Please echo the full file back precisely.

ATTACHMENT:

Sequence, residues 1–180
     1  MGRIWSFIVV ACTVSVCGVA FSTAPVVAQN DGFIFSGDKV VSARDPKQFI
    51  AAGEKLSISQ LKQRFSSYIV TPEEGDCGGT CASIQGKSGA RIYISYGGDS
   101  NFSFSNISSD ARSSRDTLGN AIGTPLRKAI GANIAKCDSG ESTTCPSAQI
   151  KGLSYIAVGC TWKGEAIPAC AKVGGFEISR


Sequence, residues 1–180
     1  MGRIWSFIVV ACTVSVCGVA FSTAPVVAQN DGFIFSGDKV VSARDPKQFI
    51  AAGEKLSISQ LKQRFSSYIV TPEEGDCGGT CASIQGKSGA RIYISYGGDS
   101  NFSFSNISSD ARSSRDTLGN AIGTPLRKAI GANIAKCDSG ESTTCPSAQI
   151  KGLSYIAVGC TWKGEAIPAC AKVGGFEISR